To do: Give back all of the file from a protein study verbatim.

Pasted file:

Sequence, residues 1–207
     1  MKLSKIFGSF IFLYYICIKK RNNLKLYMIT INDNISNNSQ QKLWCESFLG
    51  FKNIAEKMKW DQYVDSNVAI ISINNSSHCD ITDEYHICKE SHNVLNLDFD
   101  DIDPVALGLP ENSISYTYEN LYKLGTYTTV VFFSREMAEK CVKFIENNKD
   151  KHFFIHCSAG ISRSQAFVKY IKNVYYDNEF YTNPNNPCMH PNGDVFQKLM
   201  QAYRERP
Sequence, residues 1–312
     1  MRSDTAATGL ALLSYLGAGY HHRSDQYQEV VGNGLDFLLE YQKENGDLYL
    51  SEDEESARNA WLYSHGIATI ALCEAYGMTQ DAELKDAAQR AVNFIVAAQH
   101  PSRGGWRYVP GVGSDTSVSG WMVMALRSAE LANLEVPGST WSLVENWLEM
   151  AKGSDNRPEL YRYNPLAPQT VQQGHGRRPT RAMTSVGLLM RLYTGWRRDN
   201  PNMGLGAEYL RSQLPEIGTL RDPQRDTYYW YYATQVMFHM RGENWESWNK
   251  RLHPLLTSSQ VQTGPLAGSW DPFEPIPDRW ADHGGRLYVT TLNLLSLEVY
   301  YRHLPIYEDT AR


Sequence, residues 1–207
     1  MKLSKIFGSF IFLYYICIKK RNNLKLYMIT INDNISNNSQ QKLWCESFLG
    51  FKNIAEKMKW DQYVDSNVAI ISINNSSHCD ITDEYHICKE SHNVLNLDFD
   101  DIDPVALGLP ENSISYTYEN LYKLGTYTTV VFFSREMAEK CVKFIENNKD
   151  KHFFIHCSAG ISRSQAFVKY IKNVYYDNEF YTNPNNPCMH PNGDVFQKLM
   201  QAYRERP
Sequence, residues 1–312
     1  MRSDTAATGL ALLSYLGAGY HHRSDQYQEV VGNGLDFLLE YQKENGDLYL
    51  SEDEESARNA WLYSHGIATI ALCEAYGMTQ DAELKDAAQR AVNFIVAAQH
   101  PSRGGWRYVP GVGSDTSVSG WMVMALRSAE LANLEVPGST WSLVENWLEM
   151  AKGSDNRPEL YRYNPLAPQT VQQGHGRRPT RAMTSVGLLM RLYTGWRRDN
   201  PNMGLGAEYL RSQLPEIGTL RDPQRDTYYW YYATQVMFHM RGENWESWNK
   251  RLHPLLTSSQ VQTGPLAGSW DPFEPIPDRW ADHGGRLYVT TLNLLSLEVY
   301  YRHLPIYEDT AR